With seven more members than in 1999 and two accessions pending, NATO cannot hope to pursue such a strategy in future. It is also unlikely that all NATO members will see national value in undertaking every single mission. To avoid a pitfall of the EU system--specifically, that foreign policy tends to reflect the lowest common dominator of action-- NATO must embrace a "coalitions of the willing and capable" mentality while at the same time preserving the alliance as a whole.
NATO should adopt a new principle on decision making that only those countries that substantially contribute to a mission--with troops, assets, or civilians--will be involved in the planning and execution of the mission. As defense analyst Leo Michel argues, a model that allows for contributing coalitions within the alliance ensures that the contributors have "a significant role in decisionmaking, commensurate with their contributions."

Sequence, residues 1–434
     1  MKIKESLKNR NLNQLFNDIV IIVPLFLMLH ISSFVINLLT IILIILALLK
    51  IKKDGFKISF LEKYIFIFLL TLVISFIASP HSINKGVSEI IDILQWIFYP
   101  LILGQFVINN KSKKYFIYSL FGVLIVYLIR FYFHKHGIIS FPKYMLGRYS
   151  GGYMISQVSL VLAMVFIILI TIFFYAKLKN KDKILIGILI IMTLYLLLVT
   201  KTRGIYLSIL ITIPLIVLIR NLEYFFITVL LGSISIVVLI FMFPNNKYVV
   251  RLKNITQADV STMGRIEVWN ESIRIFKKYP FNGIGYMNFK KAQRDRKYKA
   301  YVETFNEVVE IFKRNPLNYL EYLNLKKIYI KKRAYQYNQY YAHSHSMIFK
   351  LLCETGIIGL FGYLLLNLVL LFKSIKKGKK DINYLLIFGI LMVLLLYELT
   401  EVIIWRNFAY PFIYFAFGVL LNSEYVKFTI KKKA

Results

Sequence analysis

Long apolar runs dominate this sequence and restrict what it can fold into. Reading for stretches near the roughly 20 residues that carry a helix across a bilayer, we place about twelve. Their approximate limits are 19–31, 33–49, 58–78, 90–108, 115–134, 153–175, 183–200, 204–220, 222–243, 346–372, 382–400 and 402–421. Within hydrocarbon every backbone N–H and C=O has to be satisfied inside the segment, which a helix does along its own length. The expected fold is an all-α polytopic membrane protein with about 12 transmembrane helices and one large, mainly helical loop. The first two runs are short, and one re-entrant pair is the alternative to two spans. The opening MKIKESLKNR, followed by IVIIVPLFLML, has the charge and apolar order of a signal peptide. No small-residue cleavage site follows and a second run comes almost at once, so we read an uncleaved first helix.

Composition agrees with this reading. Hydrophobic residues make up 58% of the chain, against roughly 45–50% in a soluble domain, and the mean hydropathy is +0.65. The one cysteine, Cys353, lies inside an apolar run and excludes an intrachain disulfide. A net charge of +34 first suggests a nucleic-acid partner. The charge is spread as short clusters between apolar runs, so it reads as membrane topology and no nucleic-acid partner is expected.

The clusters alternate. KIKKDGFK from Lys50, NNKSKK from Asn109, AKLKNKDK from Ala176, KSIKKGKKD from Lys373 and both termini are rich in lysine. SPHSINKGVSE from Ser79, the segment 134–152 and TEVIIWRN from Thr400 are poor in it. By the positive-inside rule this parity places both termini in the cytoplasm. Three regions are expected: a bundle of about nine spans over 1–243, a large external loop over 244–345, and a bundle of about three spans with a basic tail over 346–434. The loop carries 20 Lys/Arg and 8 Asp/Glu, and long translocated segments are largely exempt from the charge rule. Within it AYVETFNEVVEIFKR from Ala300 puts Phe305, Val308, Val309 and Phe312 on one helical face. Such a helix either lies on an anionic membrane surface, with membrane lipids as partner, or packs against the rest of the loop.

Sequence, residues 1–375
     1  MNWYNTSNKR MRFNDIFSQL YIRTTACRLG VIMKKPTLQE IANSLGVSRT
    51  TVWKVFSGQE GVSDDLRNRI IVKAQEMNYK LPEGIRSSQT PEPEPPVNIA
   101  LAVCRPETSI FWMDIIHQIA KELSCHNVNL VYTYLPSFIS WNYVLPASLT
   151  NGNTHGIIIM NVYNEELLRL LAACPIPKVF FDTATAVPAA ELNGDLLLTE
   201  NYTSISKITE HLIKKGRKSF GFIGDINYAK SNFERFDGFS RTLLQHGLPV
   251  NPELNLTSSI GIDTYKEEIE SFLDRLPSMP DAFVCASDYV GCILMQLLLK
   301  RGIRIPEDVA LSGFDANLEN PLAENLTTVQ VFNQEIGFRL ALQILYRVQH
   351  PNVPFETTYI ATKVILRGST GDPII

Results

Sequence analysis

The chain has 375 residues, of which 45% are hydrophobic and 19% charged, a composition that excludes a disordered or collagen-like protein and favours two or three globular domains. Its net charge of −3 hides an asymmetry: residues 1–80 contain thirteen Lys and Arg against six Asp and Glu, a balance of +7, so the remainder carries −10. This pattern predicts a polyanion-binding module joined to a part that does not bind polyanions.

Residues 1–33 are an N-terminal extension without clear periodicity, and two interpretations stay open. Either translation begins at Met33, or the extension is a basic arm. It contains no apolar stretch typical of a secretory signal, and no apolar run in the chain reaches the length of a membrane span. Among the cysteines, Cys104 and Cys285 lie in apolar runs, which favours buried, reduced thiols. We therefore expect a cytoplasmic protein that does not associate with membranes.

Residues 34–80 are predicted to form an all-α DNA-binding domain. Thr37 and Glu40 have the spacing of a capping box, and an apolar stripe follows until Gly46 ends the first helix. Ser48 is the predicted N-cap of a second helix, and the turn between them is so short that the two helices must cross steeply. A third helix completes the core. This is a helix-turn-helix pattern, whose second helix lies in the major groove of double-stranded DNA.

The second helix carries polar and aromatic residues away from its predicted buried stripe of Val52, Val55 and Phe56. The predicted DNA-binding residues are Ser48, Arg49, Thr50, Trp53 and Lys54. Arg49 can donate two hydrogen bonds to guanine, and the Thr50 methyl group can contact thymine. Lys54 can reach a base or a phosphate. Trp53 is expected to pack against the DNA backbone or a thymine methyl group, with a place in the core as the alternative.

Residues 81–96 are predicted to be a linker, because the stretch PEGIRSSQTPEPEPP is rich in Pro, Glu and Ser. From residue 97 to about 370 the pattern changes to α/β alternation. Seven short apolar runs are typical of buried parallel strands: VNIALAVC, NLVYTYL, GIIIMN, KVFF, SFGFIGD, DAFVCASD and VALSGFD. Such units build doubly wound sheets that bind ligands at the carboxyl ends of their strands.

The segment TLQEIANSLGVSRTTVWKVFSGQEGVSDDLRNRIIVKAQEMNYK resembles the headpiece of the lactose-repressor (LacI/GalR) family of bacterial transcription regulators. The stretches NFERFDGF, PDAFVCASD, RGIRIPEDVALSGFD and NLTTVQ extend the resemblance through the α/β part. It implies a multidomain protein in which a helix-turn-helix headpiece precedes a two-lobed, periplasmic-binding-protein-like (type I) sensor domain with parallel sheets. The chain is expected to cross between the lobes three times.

Matching decision-making responsibilities with members' level of contribution to a mission is a model substantially endorsed in a key 2007 report on NATO by former senior officers in the alliance, including General John Shalikashvili, a former chairman of the U.S. Joint Chiefs of Staff. The report argues:
[O]nly those nations that contribute to a mission--that is, military forces in a military operation--should have the right to a say in the process of the operation. This structure would highlight the need and the opportunity for commitment, and commitment would be rewarded at the table.
Nor would a coalition need to be static. Countries could choose to join the contributing coalition at a later stage, subject to the approval of existing contributors. The contributing coalition should be responsible for military planning and determine the level of SACEUR's operational control.